Practice Your Short Game!

John Stahlschmidt
PGA Director of Instruction
JW Marriott Camelback Golf Club
Scottsdale, AZ

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So, I know most of you don’t have much time to dedicate to practicing your golf game. The fact remains that every golfer wants to get better. I still haven’t met anyone who doesn’t want to improve. Practicing your skills is an essential ingredient to shooting lower scores. That just simply means that the little time most of you have to practice should be done in a prudent and organized fashion.

Research indicates that about 75% of your score occurs from 100 yards and in.  My question is, “Why don’t most golfers practice their short games at least 75% of the time?” I ask this question to my clients often. They give me many answers but the reality is that hitting balls…especially the driver seems to be more entertaining. That might be the case, but you will only hit your driver 12-14 times per round. My advice would be simple – when you do practice, work on your short game!

Putting – Putting can be anywhere from 30%-40% of your total score. This aspect of the game is so important and should be given the most practice time. When practicing your putting, make sure to focus on distance control. Get really good at controlling distance from 30-40 feet and practice making all your putts from 4 feet and in. If you can lag the ball up there close and convert on all the short putts, you will not 3 putt. Imagine how many strokes you will save with substantially less 3 putts.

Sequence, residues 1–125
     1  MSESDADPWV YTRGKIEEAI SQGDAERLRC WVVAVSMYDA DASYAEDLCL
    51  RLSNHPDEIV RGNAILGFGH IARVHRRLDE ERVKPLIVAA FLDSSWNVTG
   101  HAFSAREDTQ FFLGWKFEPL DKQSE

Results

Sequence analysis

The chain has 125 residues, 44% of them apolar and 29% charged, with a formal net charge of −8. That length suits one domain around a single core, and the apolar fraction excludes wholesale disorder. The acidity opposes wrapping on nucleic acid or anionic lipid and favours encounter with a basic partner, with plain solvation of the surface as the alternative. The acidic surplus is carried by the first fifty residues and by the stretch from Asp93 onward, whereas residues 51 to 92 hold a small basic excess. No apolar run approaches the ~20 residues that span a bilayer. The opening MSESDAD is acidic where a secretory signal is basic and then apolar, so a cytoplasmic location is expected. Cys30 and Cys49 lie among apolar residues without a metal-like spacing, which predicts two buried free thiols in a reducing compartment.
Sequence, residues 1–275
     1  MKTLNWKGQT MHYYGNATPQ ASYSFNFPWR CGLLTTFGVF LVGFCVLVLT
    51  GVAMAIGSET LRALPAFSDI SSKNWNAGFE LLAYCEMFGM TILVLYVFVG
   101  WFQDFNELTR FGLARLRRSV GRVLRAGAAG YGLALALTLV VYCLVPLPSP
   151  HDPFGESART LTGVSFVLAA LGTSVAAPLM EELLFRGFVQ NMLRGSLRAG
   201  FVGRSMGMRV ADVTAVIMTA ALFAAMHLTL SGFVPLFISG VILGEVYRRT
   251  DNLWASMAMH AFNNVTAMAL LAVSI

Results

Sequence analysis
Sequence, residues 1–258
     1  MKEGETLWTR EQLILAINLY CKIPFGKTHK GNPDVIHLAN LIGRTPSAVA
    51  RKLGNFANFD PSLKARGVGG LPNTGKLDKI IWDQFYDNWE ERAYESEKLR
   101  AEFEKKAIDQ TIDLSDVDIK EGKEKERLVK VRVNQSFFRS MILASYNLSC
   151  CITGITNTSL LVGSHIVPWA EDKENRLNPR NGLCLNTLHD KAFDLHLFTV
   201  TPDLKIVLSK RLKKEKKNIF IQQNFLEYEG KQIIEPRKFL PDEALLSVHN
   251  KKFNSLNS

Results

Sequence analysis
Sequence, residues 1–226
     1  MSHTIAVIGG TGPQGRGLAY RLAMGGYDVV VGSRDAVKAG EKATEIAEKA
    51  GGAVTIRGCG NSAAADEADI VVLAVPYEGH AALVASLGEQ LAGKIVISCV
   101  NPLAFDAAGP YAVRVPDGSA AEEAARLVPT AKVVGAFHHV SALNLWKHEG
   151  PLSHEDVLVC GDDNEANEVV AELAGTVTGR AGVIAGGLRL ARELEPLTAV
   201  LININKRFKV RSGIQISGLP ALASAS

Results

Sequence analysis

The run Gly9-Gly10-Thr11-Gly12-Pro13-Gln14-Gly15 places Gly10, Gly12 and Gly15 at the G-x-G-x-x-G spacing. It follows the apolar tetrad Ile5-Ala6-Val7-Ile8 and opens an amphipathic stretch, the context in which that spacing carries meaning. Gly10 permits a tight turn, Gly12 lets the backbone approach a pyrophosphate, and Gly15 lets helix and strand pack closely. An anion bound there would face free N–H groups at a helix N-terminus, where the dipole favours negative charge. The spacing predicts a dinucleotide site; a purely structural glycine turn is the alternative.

Chipping – A chip shot is a ball that is low and running. This shot occurs when just off of the green and putting is not an option, practice chipping with your SW-6 iron. As a rule, always land your chip shots 3-5 feet onto the green’s surface, regardless of where the flag is located. The amount of roll you need will be determined by club selection. The more roll, the less loft. Use this system and you will chip better…guaranteed.

Greenside Bunker – This shot is the most misunderstood shot in golf. The pros make it look easy because they understand it. This is the only shot in golf in which the clubface should never make direct contact with the ball. The goal is to hit about 1.5 inches behind the ball and dig about 1.5 inches under the bottom of the ball. If you can be successful with this formula, every bunker shot will get out and onto the green in one try.

Too many shots are wasted around the green by all of us. Practicing the short game can reduce your score immediately. With the little time you have to practice, start using it to improve your short game and you will enjoy the game so much more.

John Stahlschmidt is the Senior Head Instructor for the TOURAcademy TPC Scottsdale. To comment on this column or to book a lesson, email John at